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Lawmakers, Other Stakeholders Warn FG Over Borrowing More Money

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The Senate and Nigeria Sovereign Investment Authority, NSIA, has pleaded with the Federal Government against returning the country into a debt trap.

It will be recalled that the Senate recently approved President Muhammadu Buhari’s request for $2.78 billion Eurobond, but reiterated concerns of international financial institutions such as IMF and World Bank over rising public debt in Nigeria.

The NSIA also warned that it is suicidal for the nation, the states and some businesses in the country to borrow dollar-denominated funds from the international financial market to finance infrastructure development in the country.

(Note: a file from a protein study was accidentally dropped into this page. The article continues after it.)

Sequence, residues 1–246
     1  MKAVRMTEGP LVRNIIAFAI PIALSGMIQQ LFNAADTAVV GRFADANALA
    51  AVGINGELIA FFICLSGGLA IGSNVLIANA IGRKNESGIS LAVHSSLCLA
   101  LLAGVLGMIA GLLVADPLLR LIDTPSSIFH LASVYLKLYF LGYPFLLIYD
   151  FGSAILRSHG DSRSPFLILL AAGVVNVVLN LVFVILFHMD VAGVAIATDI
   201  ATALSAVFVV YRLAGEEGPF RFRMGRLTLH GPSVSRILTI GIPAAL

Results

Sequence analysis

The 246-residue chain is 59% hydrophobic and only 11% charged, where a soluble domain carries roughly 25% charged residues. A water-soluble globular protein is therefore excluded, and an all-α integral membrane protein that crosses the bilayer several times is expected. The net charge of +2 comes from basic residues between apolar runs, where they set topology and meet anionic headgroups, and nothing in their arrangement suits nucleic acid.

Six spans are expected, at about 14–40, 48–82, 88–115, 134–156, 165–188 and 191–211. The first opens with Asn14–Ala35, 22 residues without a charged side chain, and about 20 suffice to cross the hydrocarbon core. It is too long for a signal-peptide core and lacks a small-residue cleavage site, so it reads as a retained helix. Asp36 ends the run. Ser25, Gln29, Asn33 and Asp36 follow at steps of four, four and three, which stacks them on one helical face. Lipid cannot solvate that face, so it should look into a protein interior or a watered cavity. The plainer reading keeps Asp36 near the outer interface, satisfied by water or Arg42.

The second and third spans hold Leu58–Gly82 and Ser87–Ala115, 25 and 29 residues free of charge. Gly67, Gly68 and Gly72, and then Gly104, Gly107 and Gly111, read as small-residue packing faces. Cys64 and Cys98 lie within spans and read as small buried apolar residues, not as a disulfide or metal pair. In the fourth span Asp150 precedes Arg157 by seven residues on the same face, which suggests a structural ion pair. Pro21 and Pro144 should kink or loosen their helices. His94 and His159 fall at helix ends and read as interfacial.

However, the Senate’s approval for the issuance of $2.786 billion from the international capital market was as contained in the 2018 Appropriation Act.

It also approved the issuance of $82.54 million to refinance the balance of $500 million matured Eurobond in the international capital market and advised the Federal Government to do everything possible to reduce or limit its request for more external borrowing and source other means of generating revenue internally.

According to the Senate, this will help avoid a cleverly managed re-conquest of the country through a debt overhang.

Resolutions of the Senate were sequel to the consideration of the report on the new external capital raising presented by Chairman of the Committee on Local and Foreign Debt, Senator Shehu Sani (APC, Kaduna Central).